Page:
Since schools have been closed I have been doing weekly experiential learning activities with my own children that revolve around a theme. Last week we focused on pollinators, for example. You can head back a post or two to check those out.
This week we focused on maker projects of all kinds, which was initiated by my kindergartener. We were on a walk and we came across what looked like a a table that once held a grill. It was in rough shape and was out on the curb to be thrown out. My son has been wanting a station for all of his science gear, so he thought we could turn this piece of trash on the curb into a science lab. So we did, and thus a new interest was born: turning trash to treasure.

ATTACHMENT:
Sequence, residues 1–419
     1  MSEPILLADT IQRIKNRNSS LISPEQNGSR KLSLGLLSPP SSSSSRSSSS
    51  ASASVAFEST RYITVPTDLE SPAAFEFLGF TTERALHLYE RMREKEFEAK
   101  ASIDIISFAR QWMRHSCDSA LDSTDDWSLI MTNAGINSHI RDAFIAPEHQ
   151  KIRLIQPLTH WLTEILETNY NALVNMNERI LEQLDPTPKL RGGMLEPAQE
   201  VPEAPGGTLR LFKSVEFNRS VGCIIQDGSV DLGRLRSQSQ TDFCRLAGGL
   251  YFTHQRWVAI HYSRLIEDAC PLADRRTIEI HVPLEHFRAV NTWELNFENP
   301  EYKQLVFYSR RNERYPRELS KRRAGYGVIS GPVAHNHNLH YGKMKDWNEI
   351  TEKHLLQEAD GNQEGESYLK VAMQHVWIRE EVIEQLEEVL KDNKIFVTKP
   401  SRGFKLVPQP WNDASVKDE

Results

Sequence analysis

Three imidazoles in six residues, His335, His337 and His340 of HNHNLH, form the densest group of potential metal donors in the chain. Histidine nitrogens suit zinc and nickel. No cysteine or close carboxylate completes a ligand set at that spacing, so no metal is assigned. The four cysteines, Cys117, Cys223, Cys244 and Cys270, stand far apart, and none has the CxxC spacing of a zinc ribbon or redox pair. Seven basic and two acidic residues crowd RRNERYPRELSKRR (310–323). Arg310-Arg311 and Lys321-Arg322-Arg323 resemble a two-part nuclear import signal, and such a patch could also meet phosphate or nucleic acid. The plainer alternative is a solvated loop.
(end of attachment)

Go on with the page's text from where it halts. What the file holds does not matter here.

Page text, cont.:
One of my favorite things about maker projects is that they do not have to be expensive. They don't have to cost a dime, in fact. I have done maker projects with my high schools students forever, and usually use materials that I have sitting around. In the case with my own children, we used only what we had in our home or what others were giving away. The only thing this past week that I had to buy was straps to hang our tree swing.
Making, particularly when on the cheap, is an awesome way to gain content knowledge AND build important skills such as problem solving. The maker project ideas listed below, and the ones that I did with my own children, can be modified to fit all ages and skill levels. I also have a variety of maker projects for high school students at my store on TPT. Check those out here. Make sure to check out my maker project tool kit, which provides the guiding materials for an unlimited number of self-directed maker projects for high school students. It includes a digital and printable version.
Have an amazing summer making!
Check out other posts from Experiential Learning Depot for more tips, tricks, and ideas on maker education. You can also check out how to add design thinking to your curriculum.